The Guardian's Deborah Orr quotes Paltrow's lament about Apple and Moses, which originally appeared in the Daily Mirror: "Some days you think, 'Oh my God. They're in the bath right now and I'm not there.' And I would cry in my trailer." A little sentimental, perhaps, but Orr takes a hard line:
Paltrow may not need to work for money, like most people do, but it is fair enough for her to decide she does not wish to damage her career or subsume her identity because she has children. In a world in which some bosses [...] are only too willing to believe that woman-and-child equals unemployably-distracted-hormone-lady, however, Paltrow's open self- indulgence is nauseating.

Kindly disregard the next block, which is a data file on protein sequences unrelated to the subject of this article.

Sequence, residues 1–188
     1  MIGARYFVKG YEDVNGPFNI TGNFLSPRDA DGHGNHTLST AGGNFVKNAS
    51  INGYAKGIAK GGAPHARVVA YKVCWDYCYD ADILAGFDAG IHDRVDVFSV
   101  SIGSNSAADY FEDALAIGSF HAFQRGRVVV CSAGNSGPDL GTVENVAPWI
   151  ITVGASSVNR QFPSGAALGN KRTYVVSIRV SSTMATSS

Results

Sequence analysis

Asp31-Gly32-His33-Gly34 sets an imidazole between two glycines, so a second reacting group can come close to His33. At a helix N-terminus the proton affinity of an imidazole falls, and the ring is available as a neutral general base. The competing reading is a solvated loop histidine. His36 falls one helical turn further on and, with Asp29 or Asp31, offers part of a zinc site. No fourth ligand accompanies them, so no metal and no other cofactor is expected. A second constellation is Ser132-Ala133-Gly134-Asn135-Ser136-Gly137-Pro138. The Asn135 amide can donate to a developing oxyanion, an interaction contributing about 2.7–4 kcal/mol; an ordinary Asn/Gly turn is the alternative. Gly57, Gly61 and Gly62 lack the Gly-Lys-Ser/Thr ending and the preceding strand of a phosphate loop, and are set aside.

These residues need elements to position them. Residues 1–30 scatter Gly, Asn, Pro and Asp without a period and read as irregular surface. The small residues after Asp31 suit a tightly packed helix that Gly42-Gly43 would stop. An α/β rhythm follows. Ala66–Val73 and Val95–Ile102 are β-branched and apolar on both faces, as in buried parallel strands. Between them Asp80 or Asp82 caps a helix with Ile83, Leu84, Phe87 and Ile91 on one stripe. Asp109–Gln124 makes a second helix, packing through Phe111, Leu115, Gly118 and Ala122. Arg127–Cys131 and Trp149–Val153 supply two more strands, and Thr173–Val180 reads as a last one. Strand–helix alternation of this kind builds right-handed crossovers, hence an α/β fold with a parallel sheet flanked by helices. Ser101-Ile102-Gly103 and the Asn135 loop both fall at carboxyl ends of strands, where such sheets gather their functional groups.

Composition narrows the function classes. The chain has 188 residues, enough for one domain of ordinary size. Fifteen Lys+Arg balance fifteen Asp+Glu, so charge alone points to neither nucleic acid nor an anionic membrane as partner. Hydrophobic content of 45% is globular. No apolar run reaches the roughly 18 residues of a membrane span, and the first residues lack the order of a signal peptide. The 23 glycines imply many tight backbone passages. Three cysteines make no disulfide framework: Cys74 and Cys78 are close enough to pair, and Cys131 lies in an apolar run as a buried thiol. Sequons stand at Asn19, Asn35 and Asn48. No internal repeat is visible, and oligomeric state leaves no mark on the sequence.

But are Gwyneth's tears really such a threat to women? On the one hand, not every woman is so emotional about leaving her kids for the day (and many, as Orr points out, don't have a choice). On the other, plenty of women (and men as well) do miss their kids deeply — and still do a good job. Of course, an employee who sobs all the time probably isn't the most productive. But a lot of the stigma against crying has to do with the fact that, like most outward displays of emotion, it's considered feminine. And this stigma does more harm to women — and to men — than the occasional on-set breakdown does. In fact, I'd encourage Gwynnie to continue shedding her biodynamic, 100%-organic-fed tears. She could probably bottle them and sell them as a detox cleanse — or a delicious marinade for sustainably caught fish.